Overuse in health care continues to be a compelling topic of interest from a wide range of perspectives among scholars and researchers in 2019, with scores of articles published by many peer-review journals. Below are a handful of noteworthy articles related to the Choosing Wisely campaign for the first half of this year.
Annum Faisal, MD; Kayla Andres, MD; Jubran Afzal Khan Rind, MD; Aparna Das, MD; David Alter, MD; Jeevarathna Subramanian, MD; Tracy J Koehler, PhD; et al. BMJ Postgraduate Medical Journal, January 2019.
In this article, the authors examine an eight-week quality initiative aimed at reducing unnecessary blood tests that was implemented in three internal medicine resident inpatient services. The initiative included a 30-minute educational session, reminders prior to rotation and mid-rotation, and posters in work areas that displayed lab pricing and urged judicious testing. Residents were encouraged to justify the purpose of ordering tests in their daily progress notes. The evaluation criterion was an over 10 percent decrease between time periods. The study compared 293 patient records from the pre-intervention period with 419 in the post-intervention period. Median blood test count decreased from four to two tests per patient per day after the intervention. The study concluded that the frequency of unnecessary routine blood tests ordered in the hospital can be decreased by educating resident physicians, making them cost conscious and aware of the indications for ordering routine labs. Frequent reminders are needed to sustain the educational benefit.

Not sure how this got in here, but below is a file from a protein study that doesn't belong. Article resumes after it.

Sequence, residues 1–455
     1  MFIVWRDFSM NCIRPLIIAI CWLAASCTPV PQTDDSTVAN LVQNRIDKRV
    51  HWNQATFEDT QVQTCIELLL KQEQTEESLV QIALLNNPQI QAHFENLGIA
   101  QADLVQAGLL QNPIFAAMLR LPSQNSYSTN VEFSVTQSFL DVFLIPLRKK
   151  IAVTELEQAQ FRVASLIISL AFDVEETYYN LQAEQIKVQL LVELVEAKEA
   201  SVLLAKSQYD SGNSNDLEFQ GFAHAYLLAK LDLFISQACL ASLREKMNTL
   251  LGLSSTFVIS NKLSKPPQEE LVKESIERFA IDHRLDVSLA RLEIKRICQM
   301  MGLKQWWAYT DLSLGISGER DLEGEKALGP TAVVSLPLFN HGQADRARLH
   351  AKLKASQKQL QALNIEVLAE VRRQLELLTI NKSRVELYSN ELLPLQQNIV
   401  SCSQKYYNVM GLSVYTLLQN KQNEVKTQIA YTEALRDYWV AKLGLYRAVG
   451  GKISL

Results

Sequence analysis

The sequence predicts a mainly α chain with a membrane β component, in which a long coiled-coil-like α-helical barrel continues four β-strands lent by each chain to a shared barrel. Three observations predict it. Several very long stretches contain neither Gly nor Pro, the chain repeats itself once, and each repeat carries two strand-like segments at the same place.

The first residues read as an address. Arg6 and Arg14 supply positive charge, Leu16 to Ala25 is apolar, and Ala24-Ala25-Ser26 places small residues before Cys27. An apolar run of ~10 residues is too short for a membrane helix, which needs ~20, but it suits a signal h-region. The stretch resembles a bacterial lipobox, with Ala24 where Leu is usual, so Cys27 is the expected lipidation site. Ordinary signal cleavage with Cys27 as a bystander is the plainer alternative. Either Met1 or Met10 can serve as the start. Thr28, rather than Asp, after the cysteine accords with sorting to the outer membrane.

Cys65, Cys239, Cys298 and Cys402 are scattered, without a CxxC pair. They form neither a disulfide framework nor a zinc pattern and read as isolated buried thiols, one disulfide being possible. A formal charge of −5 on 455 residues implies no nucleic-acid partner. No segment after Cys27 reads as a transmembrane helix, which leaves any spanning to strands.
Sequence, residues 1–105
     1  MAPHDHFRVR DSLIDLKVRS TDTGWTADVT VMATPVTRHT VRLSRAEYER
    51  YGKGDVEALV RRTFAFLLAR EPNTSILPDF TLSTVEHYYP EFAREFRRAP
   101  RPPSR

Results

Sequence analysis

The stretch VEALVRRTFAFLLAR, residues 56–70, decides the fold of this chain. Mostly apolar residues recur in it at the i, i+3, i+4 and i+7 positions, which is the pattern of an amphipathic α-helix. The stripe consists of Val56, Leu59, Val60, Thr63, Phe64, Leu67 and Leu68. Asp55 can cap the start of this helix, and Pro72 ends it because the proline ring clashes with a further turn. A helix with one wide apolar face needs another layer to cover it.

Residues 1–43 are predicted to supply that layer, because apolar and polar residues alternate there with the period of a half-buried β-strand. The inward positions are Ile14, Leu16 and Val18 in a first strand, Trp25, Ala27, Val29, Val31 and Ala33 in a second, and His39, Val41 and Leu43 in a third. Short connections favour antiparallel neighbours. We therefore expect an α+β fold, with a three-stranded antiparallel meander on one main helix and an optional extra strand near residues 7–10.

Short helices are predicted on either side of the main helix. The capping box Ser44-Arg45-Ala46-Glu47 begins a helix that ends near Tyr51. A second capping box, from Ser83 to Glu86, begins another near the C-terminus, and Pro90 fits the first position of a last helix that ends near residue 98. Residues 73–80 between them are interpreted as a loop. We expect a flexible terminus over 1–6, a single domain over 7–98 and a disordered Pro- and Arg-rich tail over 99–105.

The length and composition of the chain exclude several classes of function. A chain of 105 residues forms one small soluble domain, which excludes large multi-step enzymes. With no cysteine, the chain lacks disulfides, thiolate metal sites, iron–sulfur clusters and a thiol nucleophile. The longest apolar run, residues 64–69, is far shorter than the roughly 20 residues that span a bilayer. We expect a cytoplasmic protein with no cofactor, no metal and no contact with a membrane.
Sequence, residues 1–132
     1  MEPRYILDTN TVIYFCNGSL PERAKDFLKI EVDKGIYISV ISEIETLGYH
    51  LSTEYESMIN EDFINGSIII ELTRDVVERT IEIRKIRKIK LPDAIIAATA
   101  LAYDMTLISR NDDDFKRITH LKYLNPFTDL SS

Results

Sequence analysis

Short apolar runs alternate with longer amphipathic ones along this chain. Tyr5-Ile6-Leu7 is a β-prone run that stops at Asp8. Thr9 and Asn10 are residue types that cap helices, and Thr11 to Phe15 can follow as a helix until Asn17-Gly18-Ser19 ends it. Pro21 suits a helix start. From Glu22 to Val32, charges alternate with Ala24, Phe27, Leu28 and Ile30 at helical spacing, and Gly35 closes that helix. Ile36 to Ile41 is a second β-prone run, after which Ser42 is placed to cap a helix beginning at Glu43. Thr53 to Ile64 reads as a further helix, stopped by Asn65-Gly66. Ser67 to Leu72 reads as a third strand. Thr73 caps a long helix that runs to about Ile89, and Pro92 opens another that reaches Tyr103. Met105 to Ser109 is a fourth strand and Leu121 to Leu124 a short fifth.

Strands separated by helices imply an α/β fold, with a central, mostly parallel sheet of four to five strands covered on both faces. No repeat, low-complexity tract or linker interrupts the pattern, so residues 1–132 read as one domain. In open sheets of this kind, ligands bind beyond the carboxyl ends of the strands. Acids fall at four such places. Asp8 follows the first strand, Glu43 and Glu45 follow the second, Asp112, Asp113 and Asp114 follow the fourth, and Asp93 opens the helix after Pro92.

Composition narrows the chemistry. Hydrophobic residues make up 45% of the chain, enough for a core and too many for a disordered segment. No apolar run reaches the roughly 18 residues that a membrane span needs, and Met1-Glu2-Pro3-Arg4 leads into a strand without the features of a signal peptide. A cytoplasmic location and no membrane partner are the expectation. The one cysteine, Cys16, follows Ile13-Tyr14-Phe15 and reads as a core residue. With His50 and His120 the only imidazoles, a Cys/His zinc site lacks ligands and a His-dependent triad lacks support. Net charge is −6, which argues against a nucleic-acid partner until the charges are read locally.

Silas Trumbo, MD; Wade T. Iams, MD; Heather Limper, PhD, MPH; Kathryn Goggins, MPH; Jayme Gibson, ACNP; Lauren Oliver, ACNP, MSc; David L Leverenz, MD; Lauren R. Samuels, PhD; Donald W. Brady, MD, and Sunil Kripalani, MD, MSc. Journal of Hospital Medicine, February 2019.
In this article, the authors describe the effectiveness of an intervention to reduce daily chest X-ray (CXR) ordering in two intensive care units at an academic medical center in the United States from October 2015 to June 2016, and evaluate de-implementation strategies. The prospective, nonrandomized study included the staff of a medical intensive care unit (MICU) and a cardiovascular intensive care unit CVICU), and utilized provider education, peer champions and weekly data feedback on CXR ordering rates. The authors found that the intervention made a modest but statistically significant reduction of CXRs ordering in the CVICU only, and that the factors supporting deimplementation included stable staffing, regular data feedback and engagement of peer champions. Barriers included for the lack of standard benchmarks for CXR ordering rates, poor intervention visibility and “waning investment among medical resident in the MICU due to frequent rotation and competing priorities.”
Sara D. Pasik, BA; Sophia Chiu, MS; Jeong Yang, BA; Catherine Sinfield, MPH; Nicole Zubizarreta, MPH; Rosemarie Ramkeesoon, FNP; Hyung J. Cho, MD4, and Mona Krouss, MD. Journal of Hospital Medicine, March 2019.
Hospitalized patients often have asymptomatic increases in blood pressure (BP), and national guidelines recommend treating with oral agents to slowly lower BP. But often clinicians resort to intravenous antihypertensive medication, which cause unpredictable changes in blood pressure. These researchers designed a quasi-experimental study to address inappropriate ordering of IV antihypertensive agents and subsequent adverse events among patients in two medical units from January 2016 to February 2018. The study used a multidisciplinary intervention, including clinical education, a treatment algorithm, audit and monthly feedback, and an electronic medical record change — with the key measures being total numbers of orders, inappropriate orders, adverse events and alternate causes per 1,000 patient days. The initiative resulted in a significant reduction in inappropriate use of IV antihypertensives and an associated decrease in adverse events.